If 2012 is the Year of the Dragon, then 2011 was the Year of the Yak. Programming veteran Jeff Minter turned his bearded head towards Apple's devices, cranked up his Minotaur Project
, and Llamasoft turned out four new games. It was like 1983 all over again.
Of course, anyone with a knack for code could knock out four games in a year, but that wouldn't mean they would necessarily be any good. Of Llamasoft's games, three of them were genuine contenders for this list. The only one that wasn't, for me personally, was trippy puzzler Deflex
. There's nothing wrong with that game, in fact I do quite enjoy it, but I'm not very good at it and, well, there were at least eleven games I enjoyed more.Whooo, bendy bullets!
The other two games that missed the list were Minotron: 2112
, an excellent reworking of Minter's Atari ST classic Llamatron
, and Goat Up
, the first ever Llamasoft platform game. Minotron
is a twin-stick Robotron
-inspired shooter that sees you blasting all manner of bizarre and hostile objects, including telephones, footballs, bags of chips and the like. Goat Up
brought to mind Rainbow Islands
, as it scattered untold amounts of bonus goodies your way as you leapt ever upward (and eventually downward). They're very good indeed, but I'll write separate posts about them at a later date.
But the game I chose to put on the list, the game that is not out of place in any way at number two, is Minotaur Rescue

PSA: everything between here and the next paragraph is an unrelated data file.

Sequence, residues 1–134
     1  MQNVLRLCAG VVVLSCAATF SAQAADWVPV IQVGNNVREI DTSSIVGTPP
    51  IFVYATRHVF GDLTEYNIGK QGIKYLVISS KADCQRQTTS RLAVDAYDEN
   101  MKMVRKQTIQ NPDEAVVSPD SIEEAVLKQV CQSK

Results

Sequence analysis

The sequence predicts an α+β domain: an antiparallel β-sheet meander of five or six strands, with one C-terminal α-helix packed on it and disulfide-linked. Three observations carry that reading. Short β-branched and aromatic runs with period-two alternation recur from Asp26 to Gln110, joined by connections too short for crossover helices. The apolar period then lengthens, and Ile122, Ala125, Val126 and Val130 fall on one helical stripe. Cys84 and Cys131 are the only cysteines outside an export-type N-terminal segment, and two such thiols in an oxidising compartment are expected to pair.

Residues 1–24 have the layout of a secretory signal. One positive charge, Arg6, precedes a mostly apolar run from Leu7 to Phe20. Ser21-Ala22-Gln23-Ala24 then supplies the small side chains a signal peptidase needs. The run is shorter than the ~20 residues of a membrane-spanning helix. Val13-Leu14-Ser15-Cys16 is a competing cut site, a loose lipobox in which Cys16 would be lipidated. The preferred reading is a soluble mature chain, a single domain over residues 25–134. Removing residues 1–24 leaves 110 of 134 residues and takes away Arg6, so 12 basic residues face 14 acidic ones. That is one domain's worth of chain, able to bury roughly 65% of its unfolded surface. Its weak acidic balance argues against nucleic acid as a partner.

It's a hybrid of many games, is Minotaur Rescue
. It looks just like the old Atari VCS version of Asteroids
, if it was thrown into a Space War
machine. And then had some of Minter's own Gridrunner Revolution
added to it. At least three shooting games in one. Bullet-tastic!That sun makes me want to eat a banana toffee. Or play Atari VCS PacMan.
One of the main strengths of Minotaur Rescue
is the control method. The game uses an autofire method, which is the firing mechanism of choice for yer iDevice shooter. It really doesn't make sense to have a fire button on a screen, unless your game has an excellent reason for not using autofire.
Coupled with that, though, is the swipe control system. It's a little tricky to get used to at first, but once you master it (or even get mildly proficient at it) you'll be whizzing about all over the screen like it's second nature. It's a far better method than using a virtual joystick, certainly for this game, and adds an extra level of control that you'll find very welcome in time...
The object of the game, of course, is to rescue minotaurs. Actually, it isn't... that's just an element of the game, and a chance to earn stacks of bonus points. The object of the game is to shoot things and not get killed. Yes, it's that simple.It's hard to control the stream...
Complicating matters a little is the sun in the middle of the screen. It pulses away happily to itself, unless you get too close at which point you'll discover it has its own gravity, and will destroy you if you get too close. As if that wasn't bad enough, it'll destroy anything else that gets too close. Uh-oh.